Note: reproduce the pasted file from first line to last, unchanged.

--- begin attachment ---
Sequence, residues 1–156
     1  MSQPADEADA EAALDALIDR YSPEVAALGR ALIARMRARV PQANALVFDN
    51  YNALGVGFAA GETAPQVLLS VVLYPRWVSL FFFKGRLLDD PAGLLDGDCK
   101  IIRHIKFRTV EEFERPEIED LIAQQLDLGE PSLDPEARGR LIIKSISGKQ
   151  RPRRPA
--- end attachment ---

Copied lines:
Sequence, residues 1–156
     1  MSQPADEADA EAALDALIDR YSPEVAALGR ALIARMRARV PQANALVFDN
    51  YNALGVGFAA GETAPQVLLS VVLYPRWVSL FFFKGRLLDD PAGLLDGDCK
   101  IIRHIKFRTV EEFERPEIED LIAQQLDLGE PSLDPEARGR LIIKSISGKQ
   151  RPRRPA